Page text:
During the time I was working on the novel, the series was cancelled twice and brought back twice thanks to the show’s extremely loyal fan base. THE KILLING: UNCOMMON DENOMINATOR will publish in the U.S. on June 24 and on July 11 in the UK, and Netflix will bring out an exclusive fourth and final season beginning August 1.
How difficult was it to write already established characters and settings?
Recreating the show’s characters on the page was one of the most enjoyable aspects of writing this novel. I watched all of the episodes multiple times, and took extensive notes. I also watched the cast interviews on The Killing website, paying particular attention to how the actors described their characters. Fox sent me the scripts in advance of the episodes’ airing, which was fun, and being able to read the characters’ dialog and the stage directions was a great help. Fox also set me up with access to a private website where I could watch all of the episodes as needed. Occasionally I would freeze a scene on my computer screen, such as the interior of Detective Linden’s office, and then refer to that as I wrote the description for the book.
So to research my previous novel, I traveled to an active volcano. While to research my current novel, I watched television!
What are Backspace and the Salt Cay Writer’s Retreat?
Backspace is the online writers organization and discussion forum I cofounded in 2004. Backspace’s mission statement is “Writers Helping Writers,” and during that time, Backspace has grown to 2,100 members in a dozen countries. A third of the membership is agented and/or published, and includes many New York Times bestselling authors. Backspace members write in all genres, and are at all stages of their careers. Anyone is welcome to join as long as they’re serious about writing.
In addition to overseeing the discussion forums, my Backspace business partner and I organized the Backspace Writers Conferences in New York City for nine years. In 2013 we shifted our focus from a large conference that emphasized the business side of publishing, to an intimate weeklong writers retreat that focuses on craft. The second Salt Cay Writers Retreat will take place this October on a private island in the Bahamas. The retreat offers one-on-one time with #1 New York Times bestselling authors, editors, and agents, as well as group instruction and private writing time in a gorgeous and inspiring setting. There’s even a dolphin swim! Students who attended in 2013 tell us the experience was “life-changing,” and we’re thrilled to be able to offer such a unique opportunity to writers who want to up their game.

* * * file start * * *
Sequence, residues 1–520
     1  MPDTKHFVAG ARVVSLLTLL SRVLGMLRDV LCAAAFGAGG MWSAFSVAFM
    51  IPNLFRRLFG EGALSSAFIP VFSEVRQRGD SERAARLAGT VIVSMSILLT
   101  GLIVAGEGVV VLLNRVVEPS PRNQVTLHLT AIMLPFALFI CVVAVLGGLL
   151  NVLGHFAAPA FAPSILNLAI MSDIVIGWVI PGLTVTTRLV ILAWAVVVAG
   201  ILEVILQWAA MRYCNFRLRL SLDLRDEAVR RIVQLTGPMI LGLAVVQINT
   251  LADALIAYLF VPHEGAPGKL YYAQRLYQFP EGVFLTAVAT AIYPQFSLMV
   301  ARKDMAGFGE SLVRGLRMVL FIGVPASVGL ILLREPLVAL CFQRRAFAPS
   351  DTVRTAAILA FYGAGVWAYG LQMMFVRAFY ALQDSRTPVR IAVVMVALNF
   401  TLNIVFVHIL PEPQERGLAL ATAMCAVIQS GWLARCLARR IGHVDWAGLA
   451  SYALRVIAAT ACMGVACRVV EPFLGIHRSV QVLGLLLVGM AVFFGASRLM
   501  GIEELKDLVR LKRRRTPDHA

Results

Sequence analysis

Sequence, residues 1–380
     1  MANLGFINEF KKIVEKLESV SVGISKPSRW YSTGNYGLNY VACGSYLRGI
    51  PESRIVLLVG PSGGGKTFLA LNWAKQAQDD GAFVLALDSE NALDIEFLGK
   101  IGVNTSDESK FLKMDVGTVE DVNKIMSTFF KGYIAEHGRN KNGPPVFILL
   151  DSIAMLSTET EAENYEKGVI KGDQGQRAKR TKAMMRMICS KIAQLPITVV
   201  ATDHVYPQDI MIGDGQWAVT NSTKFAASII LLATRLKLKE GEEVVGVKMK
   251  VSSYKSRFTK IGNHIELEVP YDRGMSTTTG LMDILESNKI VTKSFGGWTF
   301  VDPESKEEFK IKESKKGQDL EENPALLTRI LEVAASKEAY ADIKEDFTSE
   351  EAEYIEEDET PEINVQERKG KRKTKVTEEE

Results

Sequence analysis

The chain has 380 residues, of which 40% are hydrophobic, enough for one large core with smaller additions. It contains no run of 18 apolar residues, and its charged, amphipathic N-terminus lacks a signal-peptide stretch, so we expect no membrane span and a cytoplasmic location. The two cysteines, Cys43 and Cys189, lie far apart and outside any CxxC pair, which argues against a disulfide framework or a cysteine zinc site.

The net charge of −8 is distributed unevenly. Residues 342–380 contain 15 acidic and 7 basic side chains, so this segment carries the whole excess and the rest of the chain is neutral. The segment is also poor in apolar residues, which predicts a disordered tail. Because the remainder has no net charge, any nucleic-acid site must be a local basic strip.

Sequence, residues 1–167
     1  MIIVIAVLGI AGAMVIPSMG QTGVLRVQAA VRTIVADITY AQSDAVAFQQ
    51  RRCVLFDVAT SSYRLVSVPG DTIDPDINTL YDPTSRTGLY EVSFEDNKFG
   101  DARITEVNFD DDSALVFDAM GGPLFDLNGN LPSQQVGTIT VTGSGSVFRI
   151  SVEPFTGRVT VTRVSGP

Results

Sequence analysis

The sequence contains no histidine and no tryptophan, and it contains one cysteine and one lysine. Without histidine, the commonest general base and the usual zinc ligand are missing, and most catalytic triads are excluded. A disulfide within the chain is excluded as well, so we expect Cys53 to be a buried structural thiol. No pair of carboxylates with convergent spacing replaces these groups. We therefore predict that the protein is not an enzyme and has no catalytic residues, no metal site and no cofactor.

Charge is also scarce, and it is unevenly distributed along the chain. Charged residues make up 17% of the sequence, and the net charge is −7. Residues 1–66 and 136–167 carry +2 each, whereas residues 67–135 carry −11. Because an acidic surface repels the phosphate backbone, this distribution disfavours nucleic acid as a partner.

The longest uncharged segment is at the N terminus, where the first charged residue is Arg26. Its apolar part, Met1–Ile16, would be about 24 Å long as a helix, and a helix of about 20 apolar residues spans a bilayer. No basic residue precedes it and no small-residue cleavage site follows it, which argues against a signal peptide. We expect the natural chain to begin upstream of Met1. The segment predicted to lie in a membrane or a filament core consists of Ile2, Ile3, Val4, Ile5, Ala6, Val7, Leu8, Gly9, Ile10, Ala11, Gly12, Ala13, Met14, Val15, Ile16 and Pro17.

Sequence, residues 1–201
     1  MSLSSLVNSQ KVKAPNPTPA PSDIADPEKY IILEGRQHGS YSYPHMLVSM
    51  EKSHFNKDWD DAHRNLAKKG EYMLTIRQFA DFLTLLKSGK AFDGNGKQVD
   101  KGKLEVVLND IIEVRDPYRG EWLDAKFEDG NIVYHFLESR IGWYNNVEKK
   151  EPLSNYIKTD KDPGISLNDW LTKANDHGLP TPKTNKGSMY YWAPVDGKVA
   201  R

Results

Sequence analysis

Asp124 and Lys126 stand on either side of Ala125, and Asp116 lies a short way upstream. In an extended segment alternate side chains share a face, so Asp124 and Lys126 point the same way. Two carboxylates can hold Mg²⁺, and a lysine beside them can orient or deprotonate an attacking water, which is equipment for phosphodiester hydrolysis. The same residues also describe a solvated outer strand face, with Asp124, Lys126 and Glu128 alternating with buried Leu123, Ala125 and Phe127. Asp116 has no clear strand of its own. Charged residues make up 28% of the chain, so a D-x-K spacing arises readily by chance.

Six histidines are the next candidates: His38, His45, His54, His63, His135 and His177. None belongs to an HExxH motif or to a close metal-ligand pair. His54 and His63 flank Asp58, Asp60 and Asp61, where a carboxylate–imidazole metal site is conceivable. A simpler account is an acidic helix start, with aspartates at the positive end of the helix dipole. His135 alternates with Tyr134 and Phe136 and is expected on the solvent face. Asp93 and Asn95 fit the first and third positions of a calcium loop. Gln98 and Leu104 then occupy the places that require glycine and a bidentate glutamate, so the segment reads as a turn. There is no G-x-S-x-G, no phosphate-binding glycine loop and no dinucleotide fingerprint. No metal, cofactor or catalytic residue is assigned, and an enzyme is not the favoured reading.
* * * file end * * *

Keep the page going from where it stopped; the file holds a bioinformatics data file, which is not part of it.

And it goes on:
I’m currently working on a psychological thriller set in Michigan’s Upper Peninsula, where I lived for thirty years. I’ve always wanted to write a novel based on that experience, and I’m very excited to have found a story that will do the setting justice. I’m hoping the book will be ready to send to editors in the fall.
Is there anything you would like to add?
I’d like to encourage ITW members reading this article to get involved in the organization. And if you’re not a member and you’re a thriller author, you should definitely join! My experience as Managing Editor of THE BIG THRILL was so rewarding, as was my involvement with ITW’s Debut Authors Program, serving as a judge for the Thriller Awards, and my service on the board of directors as Vice President, Technology. I had fun, worked alongside some fantastic people and made connections that have helped my career, and through my volunteer service, was able to help shape the organization that is working so hard to elevate and support my genre—including designing THE BIG THRILL website. ITW wouldn’t exist without its willing and hardworking volunteers, and I promise if you step forward and get involved, you won’t regret it.
Karen Dionne is the internationally published author of BOILING POINT, an environmental thriller about an erupting volcano, a missing researcher, and a radical scheme to end global warming. Karen’s first science thriller, FREEZING POINT, was nominated by RT Book Reviews as Best First Mystery of 2008.
Karen is cofounder of the online writers community Backspace, and organizes the Salt Cay Writers Retreat held every year on a private island in the Bahamas. She is a member of Sisters in Crime and the International Thriller Writers, where she served on the board of directors as Vice President, Technology.
Karen has been honored by the Michigan Humanities Council as a Humanities Scholar for her body of work as an author, writer, and as co-founder of Backspace.
To learn more about Karen, please visit her website.